Wednesday, June 10, 2009


37 years have elapsed since a human being last set foot on the Moon. Had the story continued as many space science pundits predicted at the time, we would have had space colonies there by now, and would be making ready for a manned expedition to Mars. As it has turned out, the political will (and that is what it was to begin with - a political exercise to 'win the race to the Moon' against the Russians) to do that disappeared after the US succeeded spectacularly. Right now there is no nation which has the capability to place humans on the Moon (including the USA).

Lately, there has been a concerted effort to "restart" a (continuous) human presence on the Moon, this time with the USA as only one of the "contenders". Some others are China, Japan, India, and the Europeans, all of whom seem to be at various stages of "fleshing out" the idea. The severe constraints to spending money in this field imposed on the USA by its immense deficits may mean that one of the other nations involved will be the next to land a human being on the Moon.

A continued human presence on the Moon requires the availability of "local" raw materials (the most important being water in either frozen or liquid form). Notwithstanding the comparative proximity of the Moon to Earth, in some respect we know less about the presence of water on the Moon than on the planet Mars. The robotic landers and orbiting satellites which are currently exploring Mars have given us very good evidence that water is present there in sufficient quantities to make human habitation possible.

A first step towards an expedition to Mars (a return trip would take several years) would involve learning about the details of maintaining human life on an extraterrestrial body; the Moon is the closest and most easily reached. There are many ideas about such an endeavour (an example: It is important to have the necessary resources wherever humans may find themselves. To that end, the US is preparing to send some orbiters back to the Moon to explore specific areas - particularly the north and south poles where there are some spots which have eternal sunlight (for energy to supply a human settlement), and perpetual shadow (for possible water ice). For all the lunar observations which have taken place over the past four centuries or so, both from Earth and by lunar rovers, humans on the Moon, and samples brought back from there, we know little about what may be found at the lunar poles.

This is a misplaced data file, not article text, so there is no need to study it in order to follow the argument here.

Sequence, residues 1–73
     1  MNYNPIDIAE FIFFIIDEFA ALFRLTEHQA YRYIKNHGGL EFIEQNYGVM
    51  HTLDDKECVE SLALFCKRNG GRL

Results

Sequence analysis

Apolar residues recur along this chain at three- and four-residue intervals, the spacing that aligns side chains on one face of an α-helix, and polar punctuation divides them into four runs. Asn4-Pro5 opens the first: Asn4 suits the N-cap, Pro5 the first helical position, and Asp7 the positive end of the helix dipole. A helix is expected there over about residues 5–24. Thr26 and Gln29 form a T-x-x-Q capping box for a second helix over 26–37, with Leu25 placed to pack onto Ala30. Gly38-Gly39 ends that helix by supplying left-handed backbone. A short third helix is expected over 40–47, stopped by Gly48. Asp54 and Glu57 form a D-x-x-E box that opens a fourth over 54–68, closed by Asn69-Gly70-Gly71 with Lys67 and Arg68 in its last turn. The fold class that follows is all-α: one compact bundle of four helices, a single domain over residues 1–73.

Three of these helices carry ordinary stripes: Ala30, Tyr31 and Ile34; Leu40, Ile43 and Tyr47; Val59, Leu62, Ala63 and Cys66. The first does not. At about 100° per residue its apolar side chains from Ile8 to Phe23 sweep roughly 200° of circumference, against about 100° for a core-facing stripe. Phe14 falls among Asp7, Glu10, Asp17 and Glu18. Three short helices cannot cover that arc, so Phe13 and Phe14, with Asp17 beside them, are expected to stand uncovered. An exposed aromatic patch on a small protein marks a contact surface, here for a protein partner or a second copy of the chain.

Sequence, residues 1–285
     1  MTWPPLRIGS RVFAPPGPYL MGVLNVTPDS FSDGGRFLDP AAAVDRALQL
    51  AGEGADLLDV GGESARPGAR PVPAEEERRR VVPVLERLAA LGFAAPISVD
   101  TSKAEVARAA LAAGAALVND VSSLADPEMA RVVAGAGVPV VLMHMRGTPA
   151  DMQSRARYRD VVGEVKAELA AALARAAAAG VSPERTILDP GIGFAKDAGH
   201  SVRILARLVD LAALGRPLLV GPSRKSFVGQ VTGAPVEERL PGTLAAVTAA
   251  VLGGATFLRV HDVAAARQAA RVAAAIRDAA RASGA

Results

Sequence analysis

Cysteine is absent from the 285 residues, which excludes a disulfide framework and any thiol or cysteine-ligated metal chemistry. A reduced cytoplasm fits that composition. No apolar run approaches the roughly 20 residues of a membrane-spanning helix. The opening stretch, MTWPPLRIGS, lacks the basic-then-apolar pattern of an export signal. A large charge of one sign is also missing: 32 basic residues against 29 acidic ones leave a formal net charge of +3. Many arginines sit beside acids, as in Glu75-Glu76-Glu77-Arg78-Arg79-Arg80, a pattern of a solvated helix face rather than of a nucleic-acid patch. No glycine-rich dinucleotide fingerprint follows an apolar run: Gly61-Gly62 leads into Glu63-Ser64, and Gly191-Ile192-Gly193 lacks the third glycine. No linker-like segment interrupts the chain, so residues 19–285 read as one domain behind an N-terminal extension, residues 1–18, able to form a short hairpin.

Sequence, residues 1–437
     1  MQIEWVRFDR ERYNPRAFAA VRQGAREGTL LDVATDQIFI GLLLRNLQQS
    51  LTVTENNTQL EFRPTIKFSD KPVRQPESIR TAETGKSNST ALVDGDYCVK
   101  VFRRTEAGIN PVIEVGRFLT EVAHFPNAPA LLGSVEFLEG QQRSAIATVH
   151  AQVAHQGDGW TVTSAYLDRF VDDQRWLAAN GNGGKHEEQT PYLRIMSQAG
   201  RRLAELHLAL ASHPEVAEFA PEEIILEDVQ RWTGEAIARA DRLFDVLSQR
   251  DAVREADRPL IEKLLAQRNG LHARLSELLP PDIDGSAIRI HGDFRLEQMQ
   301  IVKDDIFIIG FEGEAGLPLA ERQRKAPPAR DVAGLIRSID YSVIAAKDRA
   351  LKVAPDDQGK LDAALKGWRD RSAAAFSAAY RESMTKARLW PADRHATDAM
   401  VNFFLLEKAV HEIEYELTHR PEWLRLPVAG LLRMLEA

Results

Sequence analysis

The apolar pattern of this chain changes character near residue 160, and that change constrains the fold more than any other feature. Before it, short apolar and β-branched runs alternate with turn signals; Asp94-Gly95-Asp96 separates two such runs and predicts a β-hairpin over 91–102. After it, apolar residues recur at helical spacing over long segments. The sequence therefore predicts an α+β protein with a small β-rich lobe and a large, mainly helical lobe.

Another of the concerns to be addressed in any extraterrestrial human undertaking is how to deal with illness. While we are far from knowing all the answers, I feel that medical science here on Earth has made tremendous strides since the time of the Moon landings. As an example, our son's fight with cancer is certainly helped by the availability of drugs which did not exist at that time (as his parents, of the greatest importance to us). This is one area where progress has been greater than predicted.

I have a hope that I'll see more Moon landings in my lifetime, and, with luck, even a landing on Mars. Personally, the closest I can come to a "landing" is to look through my telescopes, and to use the internet links which keep me up-to-date in that regard.